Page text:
I want to immediately go to our Senior White House Correspondent Jim Acosta. Jim, the second in a series of discussions by the president in this war on terror. Earlier in the week, he was at the Pentagon. He's going to be heading out to San Bernardino, California tomorrow. The president on the eve of Christmas and New Year's wants to reassure the American public that this administration is on top of this terror threat.

JIM ACOSTA, CNN SENIOR WHITE HOUSE CORRESPONDENT: That's right, Wolf. I think the theme all week at the White House has been very, you know, quickly, we got this. You know, from the days after the San Bernardino attacks, the president had that oval office address. He went to the Pentagon. He's just now received a briefing at the National Counterterrorism Center. And so, what they're trying to say to the American people is that there are people working around the clock who are going to try to prevent any terrorist attacks from occurring inside the United States.

And, Wolf, you know, the problem with what the president is facing, at this point, is he's facing some major doubts within the public. There's a new "Washington Post"-ABC poll that just came out earlier this morning that showed only 22 percent of Americans are confident that the U.S. government can prevent a lone wolf attack on the U.S. homeland. And so, that is what the president has been up against since San Bernadino. That's why you've seen this series of events.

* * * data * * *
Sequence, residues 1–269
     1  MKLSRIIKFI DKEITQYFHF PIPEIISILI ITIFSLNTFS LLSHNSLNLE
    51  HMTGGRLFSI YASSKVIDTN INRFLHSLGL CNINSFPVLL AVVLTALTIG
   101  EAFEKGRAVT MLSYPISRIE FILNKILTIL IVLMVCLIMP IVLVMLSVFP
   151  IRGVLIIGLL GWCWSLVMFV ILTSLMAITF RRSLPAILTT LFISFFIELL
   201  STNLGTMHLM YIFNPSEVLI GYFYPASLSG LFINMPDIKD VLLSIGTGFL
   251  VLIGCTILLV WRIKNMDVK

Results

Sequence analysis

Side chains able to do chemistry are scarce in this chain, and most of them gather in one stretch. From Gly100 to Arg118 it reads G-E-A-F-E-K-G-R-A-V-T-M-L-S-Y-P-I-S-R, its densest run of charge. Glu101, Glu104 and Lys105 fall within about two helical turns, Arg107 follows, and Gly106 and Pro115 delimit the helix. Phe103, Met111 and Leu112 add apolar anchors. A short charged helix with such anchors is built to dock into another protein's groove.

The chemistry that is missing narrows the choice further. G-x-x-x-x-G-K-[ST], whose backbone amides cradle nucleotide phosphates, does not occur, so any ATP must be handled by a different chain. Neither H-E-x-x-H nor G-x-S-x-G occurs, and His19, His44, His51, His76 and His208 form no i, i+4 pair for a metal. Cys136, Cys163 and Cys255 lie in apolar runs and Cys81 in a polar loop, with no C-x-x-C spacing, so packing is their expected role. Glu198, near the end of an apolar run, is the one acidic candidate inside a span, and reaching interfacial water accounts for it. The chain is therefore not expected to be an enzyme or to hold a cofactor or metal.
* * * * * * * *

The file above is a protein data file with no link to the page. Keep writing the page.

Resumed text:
I think that the little nugget of news that came out of that speech from the president, and we were warned in advance that perhaps there wouldn't be a whole lot of new policy or news coming out of this speech, is that there was a discussion at the National Counterterrorism Center, there in the northern Virginia suburbs of Washington D.C., about technology. Law enforcement forming better partnerships with technology firms.

Wolf, one of the big problems that this government has right now is dealing with social media, monitoring what potential lone wolf terrorists in the United States are doing on social media. How they're messaging back and forth between the United States and terrorists overseas through encryption. Right now, the U.S. Government doesn't have a way to get around some encrypted messages. That's a discussion that's taking place inside the White House and up on Capitol Hill.